While employees used to make a career in the same company a few decades ago, the median number of years that workers have dedicated to their current company is currently 4.6 years – 3.2 years for workers aged 25 to 34. Are workers less loyal to their employers than they used to be? Are expectations shifting?
One thing is sure: hiring and training new employees is costly for companies. Understanding what makes your best talents loyal to your company can’t help but improve your internal (and external functioning) in the long run!
1. A company that treats its employees well earns employee loyalty
Loyalty comes in both ways – and some companies may have forgotten to play their part. Indeed, only 54% of workers think their employer is loyal to them. This feeling may lead to a greater willingness to change jobs. You can’t expect your employees to feel loyal and dedicate themselves to your company without creating a mutual sense of loyalty.
Your employees are not a workforce that you can exploit and replace in a snap of a finger. They are the flesh and soul of your company. And they need to feel valued as such. A good healthcare coverage, an attractive vacation policy, flexible hours of work and such advantages are the cornerstone of a relationship based on trust and loyalty.
2. Aligning your recruitment with your company’s mission and values
A job is much more than a series of tasks to complete. Your mission, your “why” and your values can give your team members a sense of pride and build up their loyalty to the project, beyond the specifications of their job description. Today’s workers expect more than a list of responsibilities. They want to understand the meaning of their work, and even more: participate in building their company’s future.
Defining or updating your company’s mission, values, and roadmap is one of the deepest ways you can involve those who care and dare to give their opinion. And it will also help recruit new employees who are aligned with your purpose.
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3. Offering transparency on salaries
In the end, what differentiates paid work from volunteering is the salary. Team members don’t leave a company they like working just for a higher paycheck, but usually because they don’t feel valued enough in their job. Adopting a transparency policy on salaries can help to prevent a sense of inequity among employees and build trust between employees and their company.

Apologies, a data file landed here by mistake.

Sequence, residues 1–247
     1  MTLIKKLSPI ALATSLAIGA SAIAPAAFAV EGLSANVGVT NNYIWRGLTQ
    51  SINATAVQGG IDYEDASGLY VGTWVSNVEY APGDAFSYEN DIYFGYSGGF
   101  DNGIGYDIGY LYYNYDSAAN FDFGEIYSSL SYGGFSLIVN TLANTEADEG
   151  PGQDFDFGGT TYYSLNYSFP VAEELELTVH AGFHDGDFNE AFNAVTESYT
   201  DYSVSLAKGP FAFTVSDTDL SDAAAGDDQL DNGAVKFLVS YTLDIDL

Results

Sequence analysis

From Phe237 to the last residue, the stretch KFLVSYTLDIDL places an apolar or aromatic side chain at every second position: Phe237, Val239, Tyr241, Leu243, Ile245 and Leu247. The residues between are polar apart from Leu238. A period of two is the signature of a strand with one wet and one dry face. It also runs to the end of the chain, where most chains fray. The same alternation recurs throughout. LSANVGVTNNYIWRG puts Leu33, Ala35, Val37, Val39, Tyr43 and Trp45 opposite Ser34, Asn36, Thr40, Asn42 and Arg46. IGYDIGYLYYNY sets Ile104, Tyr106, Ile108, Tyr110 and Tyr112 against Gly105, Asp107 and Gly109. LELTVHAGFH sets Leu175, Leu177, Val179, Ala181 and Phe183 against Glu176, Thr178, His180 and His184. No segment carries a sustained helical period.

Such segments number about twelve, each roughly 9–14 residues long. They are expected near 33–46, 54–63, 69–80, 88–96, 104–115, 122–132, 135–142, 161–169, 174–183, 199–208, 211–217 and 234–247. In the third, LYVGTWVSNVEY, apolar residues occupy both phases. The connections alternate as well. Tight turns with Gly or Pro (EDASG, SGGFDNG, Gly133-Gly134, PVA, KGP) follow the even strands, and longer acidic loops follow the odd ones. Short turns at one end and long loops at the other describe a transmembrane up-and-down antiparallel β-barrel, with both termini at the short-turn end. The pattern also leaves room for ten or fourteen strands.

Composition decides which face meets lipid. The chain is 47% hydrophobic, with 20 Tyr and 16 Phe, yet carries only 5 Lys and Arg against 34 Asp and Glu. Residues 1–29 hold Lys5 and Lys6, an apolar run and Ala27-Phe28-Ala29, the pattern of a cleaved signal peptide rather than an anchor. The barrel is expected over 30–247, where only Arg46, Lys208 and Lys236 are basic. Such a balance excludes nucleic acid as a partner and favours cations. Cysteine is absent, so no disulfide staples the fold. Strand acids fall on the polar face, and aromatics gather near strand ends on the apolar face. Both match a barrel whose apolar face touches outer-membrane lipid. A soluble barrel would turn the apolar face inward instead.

That’s what Buffer decided to do. Not only do they share openly their formula to compute one’s salary, but they also display the result of this formula: each employee’s salary is available on a public spreadsheet.
Offering transparency on salaries is also a great way to fight against the pay gap between men and women, and help increase a sense of fairness in the distribution of the wealth that everyone in the company is creating.
4. Be humane first
The world of business can make us to forget who we are in the first place: humans. Having your wishes in terms of career evolution considered is key to imagine working in the long run for the same structure. Companies who want to earn their employees’ loyalty must show empathy towards the events of their personal lives too: a wedding, the birth of a child, a personal project, …
For instance in France, some 250 companies have signed a “Parental Act”, offering at least 4 weeks of paid leave to the second parent of a newly born child – quite a revolution for most OECD countries. Not only will this initiative participate in restoring greater equality between men and women in terms of salaries, recruitment, and career management, but it will also help new parents live this new challenge more at ease. And I can assure you that a dad who can spend the first weeks by his new-born child and wife will truly appreciate the gesture.
In the end, team members will always have personal interests in staying at your company or taking up new challenges. Don’t consider resigning as a betrayal. If you’ve followed all the points above, your team members will keep their sense of loyalty beyond your company walls. They may end up as clients, business partners, referrers for candidates, … who knows!
Photo by Chris Liverani on Unsplash